Volvo already sells a popular driver-assistance option called City Safety for around $2,000, for example. It slams on the brakes if a distance-measuring laser or camera detects a vehicle or pedestrian in the car’s path. City Safety can prevent collisions completely at speeds of up to 30kph (18mph), and at higher speeds it softens the impact.The other reason that driverless cars will be safer is that many people will recoil at the very idea and demand draconian safety regulations to allow them on the street. For example, they could be programmed to drive below the prevailing speed limit on every street, and to have 'black box' devices recording camera, sensor and movement data (the Economist says the latter is already a requirement for robocars in Nevada). Combine that with software that stops the car whenever a pedestrian steps in front of it and you would have a total revolution in city transport. Currently pedestrians and cyclists are afraid of cars because we don't know if they will stop for us, so we cede the streets to them. But if you knew that a car was not going too fast and would stop for you, what's to prevent you stepping out to cross the road in front of it? This is the kind of technology that would make the fantasised, pedestrian-ruled version of 'shared space' actually a reality.
Unfortunately, that's also the reason why all shared space schemes would probably be removed as quickly as possible. Nobody in a driverless car would want to sit there like a lemon while pedestrians merrily parade past in front of it. After all, if you clear the road of everything except other driveless cars these things will be able to go very fast. Roads that feature cyclists weaving in and out of traffic will be awful for robocars, while Dutch-style segregated lanes will be just peachy. So if the technology takes off, expect to suddenly see a lot of enthusiasm for roads that completely segregate cars from bikes and pedestrians.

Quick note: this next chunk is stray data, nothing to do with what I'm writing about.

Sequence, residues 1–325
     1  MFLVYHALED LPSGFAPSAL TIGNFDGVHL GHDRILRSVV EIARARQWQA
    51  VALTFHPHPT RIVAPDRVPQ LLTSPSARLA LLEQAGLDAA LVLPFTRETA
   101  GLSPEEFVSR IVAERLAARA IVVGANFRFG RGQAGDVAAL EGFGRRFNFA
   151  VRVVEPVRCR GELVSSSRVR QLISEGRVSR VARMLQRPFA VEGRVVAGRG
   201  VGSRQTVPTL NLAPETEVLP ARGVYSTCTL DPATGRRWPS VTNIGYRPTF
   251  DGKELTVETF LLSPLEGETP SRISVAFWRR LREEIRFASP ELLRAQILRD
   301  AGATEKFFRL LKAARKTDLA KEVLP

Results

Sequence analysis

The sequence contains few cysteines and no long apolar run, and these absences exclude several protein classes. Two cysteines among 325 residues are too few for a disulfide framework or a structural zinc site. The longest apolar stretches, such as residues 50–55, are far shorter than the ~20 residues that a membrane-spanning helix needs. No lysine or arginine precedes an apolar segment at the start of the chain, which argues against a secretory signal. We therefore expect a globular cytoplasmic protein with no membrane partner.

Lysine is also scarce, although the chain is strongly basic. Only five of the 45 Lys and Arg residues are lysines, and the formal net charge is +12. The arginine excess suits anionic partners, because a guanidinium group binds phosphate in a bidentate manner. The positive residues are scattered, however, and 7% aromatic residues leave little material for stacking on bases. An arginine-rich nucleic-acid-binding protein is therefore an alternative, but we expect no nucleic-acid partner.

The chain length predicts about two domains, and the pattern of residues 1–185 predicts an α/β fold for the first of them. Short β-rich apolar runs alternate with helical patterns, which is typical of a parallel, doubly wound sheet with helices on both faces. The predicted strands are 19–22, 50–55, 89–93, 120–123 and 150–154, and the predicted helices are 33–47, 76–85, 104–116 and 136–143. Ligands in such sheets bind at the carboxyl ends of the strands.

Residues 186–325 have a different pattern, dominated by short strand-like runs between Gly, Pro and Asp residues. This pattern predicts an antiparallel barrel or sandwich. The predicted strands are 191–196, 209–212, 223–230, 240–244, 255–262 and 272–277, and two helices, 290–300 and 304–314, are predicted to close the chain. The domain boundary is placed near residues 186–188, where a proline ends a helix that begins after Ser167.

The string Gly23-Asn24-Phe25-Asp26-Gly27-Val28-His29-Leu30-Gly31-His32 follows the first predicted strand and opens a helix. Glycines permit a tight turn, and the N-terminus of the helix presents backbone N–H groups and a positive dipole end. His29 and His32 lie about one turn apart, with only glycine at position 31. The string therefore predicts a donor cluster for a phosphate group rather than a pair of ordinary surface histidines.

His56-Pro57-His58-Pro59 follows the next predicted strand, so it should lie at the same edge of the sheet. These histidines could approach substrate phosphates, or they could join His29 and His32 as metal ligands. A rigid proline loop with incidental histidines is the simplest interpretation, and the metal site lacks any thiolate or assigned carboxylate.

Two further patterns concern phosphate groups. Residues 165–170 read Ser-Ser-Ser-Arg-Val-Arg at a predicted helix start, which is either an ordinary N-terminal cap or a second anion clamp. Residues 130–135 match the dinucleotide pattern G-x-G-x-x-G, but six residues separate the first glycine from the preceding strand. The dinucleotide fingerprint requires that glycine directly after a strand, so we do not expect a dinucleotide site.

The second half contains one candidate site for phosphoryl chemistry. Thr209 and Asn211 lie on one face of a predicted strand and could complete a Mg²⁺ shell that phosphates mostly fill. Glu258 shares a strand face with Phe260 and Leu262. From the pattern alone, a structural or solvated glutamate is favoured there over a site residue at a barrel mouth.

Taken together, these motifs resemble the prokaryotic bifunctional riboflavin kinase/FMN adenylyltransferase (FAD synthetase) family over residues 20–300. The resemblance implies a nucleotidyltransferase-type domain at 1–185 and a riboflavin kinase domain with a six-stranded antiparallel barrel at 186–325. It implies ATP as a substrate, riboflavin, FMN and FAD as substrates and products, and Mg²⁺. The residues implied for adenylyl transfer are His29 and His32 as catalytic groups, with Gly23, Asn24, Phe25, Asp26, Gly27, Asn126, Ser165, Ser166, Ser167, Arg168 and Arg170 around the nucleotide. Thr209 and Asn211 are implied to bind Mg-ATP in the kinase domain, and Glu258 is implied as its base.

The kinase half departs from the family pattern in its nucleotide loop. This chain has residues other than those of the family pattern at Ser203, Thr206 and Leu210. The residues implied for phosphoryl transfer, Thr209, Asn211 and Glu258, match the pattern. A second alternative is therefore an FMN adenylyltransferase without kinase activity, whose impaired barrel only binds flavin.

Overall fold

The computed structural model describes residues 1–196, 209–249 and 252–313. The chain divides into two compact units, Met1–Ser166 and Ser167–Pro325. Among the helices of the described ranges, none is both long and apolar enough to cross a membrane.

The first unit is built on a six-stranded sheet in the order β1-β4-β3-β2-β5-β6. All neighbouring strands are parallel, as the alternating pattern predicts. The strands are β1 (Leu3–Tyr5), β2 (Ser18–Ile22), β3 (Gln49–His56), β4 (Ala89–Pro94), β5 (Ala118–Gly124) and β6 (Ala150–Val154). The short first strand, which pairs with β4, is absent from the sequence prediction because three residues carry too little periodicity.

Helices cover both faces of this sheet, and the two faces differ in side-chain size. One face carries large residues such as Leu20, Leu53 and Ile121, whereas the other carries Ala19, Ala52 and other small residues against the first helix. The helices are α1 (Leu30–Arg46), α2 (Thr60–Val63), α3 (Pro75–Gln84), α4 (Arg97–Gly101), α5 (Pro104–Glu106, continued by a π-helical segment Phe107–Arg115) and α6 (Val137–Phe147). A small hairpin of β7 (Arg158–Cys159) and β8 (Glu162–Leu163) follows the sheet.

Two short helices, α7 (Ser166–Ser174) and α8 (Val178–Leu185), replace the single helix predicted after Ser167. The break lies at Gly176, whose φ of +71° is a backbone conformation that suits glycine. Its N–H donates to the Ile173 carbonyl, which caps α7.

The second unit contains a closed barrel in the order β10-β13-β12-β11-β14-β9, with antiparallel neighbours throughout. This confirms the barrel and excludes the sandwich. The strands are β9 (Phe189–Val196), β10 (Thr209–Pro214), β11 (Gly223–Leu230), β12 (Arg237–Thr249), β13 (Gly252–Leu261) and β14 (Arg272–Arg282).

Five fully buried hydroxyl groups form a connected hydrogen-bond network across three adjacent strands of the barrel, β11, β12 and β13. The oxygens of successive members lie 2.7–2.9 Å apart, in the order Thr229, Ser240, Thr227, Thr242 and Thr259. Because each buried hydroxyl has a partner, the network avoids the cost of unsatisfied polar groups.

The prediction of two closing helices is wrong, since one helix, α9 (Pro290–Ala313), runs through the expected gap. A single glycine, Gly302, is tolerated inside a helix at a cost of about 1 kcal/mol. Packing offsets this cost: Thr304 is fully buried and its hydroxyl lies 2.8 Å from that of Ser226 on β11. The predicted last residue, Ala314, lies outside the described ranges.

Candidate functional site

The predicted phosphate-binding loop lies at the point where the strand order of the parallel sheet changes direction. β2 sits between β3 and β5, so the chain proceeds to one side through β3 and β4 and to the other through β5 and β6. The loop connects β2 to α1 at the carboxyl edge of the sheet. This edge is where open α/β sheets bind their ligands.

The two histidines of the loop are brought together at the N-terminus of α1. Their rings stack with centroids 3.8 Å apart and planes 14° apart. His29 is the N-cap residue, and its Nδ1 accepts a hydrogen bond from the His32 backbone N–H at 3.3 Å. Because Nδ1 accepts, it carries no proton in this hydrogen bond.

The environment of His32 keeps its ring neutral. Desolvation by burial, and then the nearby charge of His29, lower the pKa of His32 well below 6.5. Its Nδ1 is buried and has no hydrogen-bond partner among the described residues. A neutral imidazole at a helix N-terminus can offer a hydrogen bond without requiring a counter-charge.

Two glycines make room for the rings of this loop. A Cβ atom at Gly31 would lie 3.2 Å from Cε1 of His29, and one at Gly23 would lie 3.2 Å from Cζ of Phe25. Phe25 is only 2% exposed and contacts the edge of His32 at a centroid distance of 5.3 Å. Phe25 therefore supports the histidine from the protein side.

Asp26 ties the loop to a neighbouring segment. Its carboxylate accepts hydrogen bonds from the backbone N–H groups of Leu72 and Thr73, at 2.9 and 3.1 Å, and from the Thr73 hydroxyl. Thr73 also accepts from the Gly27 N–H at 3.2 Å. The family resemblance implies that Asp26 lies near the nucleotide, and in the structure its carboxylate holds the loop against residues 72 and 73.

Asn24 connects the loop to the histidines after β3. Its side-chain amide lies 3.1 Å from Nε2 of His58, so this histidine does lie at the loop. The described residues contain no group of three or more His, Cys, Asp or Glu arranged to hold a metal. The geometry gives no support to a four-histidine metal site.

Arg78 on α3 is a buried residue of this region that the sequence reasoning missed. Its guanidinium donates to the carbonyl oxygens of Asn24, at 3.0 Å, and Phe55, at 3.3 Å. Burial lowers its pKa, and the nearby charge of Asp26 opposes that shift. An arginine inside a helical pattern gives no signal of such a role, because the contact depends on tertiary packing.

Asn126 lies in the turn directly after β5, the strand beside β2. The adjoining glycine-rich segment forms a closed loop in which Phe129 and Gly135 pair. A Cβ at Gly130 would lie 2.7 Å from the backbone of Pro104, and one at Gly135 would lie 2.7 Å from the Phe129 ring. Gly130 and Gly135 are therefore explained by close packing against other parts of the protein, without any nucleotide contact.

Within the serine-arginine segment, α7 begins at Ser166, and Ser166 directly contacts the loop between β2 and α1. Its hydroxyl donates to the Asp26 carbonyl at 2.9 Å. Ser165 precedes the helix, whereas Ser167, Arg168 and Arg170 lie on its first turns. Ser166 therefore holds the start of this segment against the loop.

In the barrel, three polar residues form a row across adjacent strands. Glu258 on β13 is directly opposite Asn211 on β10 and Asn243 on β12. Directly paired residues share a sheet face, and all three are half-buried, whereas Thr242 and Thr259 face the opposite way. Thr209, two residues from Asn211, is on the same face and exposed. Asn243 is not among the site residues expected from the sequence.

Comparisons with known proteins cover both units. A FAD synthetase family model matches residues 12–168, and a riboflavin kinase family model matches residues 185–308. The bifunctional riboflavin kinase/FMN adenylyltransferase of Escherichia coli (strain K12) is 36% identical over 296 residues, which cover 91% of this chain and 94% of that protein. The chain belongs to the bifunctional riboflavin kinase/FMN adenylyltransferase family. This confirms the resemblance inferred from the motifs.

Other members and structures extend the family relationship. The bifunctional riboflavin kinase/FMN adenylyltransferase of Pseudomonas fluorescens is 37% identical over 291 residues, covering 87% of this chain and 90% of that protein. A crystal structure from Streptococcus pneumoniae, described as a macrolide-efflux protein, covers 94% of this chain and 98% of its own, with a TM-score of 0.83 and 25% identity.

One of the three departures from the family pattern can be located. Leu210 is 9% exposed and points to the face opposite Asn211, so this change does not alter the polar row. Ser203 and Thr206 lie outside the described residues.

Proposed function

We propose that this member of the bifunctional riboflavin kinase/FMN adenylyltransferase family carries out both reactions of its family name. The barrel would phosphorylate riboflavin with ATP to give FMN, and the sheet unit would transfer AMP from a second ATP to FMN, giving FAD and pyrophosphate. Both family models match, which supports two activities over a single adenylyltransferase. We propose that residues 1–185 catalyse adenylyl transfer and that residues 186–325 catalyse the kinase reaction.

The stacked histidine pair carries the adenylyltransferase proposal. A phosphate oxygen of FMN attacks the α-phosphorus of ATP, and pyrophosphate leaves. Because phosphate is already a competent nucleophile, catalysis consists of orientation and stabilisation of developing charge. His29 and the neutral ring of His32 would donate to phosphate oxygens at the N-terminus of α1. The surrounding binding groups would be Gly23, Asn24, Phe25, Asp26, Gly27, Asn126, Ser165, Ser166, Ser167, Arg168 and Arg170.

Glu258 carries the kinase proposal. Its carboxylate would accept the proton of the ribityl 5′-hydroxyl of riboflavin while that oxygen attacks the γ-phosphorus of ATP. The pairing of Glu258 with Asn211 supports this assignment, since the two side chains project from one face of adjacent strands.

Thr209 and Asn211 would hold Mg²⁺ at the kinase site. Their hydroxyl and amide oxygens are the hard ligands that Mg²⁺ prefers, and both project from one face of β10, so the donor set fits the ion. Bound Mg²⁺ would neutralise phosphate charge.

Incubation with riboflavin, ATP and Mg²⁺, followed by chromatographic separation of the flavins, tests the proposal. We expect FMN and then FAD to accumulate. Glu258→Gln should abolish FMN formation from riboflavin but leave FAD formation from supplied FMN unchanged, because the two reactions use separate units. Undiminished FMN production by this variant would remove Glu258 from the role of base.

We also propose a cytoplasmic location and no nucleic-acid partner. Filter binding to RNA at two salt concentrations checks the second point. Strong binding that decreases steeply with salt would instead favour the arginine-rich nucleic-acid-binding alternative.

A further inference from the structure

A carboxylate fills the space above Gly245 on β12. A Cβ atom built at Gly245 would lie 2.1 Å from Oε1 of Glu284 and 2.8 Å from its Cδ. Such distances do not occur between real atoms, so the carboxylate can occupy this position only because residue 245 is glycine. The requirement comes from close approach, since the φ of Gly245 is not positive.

Expect big changes in how we relate to cars too. Taxis might become either obsolete, if everyone owns their own robocar, or universal if nobody does (they just won't have taxi drivers). After all, taxis are expensive largely because they have to transport the taxi driver around the whole time even when there are no passengers. Eliminate that fairly hefty weight and they could become economical for everyday use, so why own your own?
The technology is likely to be transformative, in other words, but it's not completely clear in which direction (I haven't even mentioned the implications for inter-city transport, which are likely to be just as huge but more predictable). Maybe we will see cities sort themselves into two camps, one of which imposes speed limits on robocars and lets cyclists and pedestrians boss them around, while the other segregates uses, punitively cracks down on jaywalking and tries to speed as many cars through their streets as possible. The strange thing about driverless cars is that they seem like they could deliver almost every urban transport utopia you care to imagine, and some of the dystopias too. [Update: Speaking of which, by popular demand (two people on Twitter) here's Johnny Cab!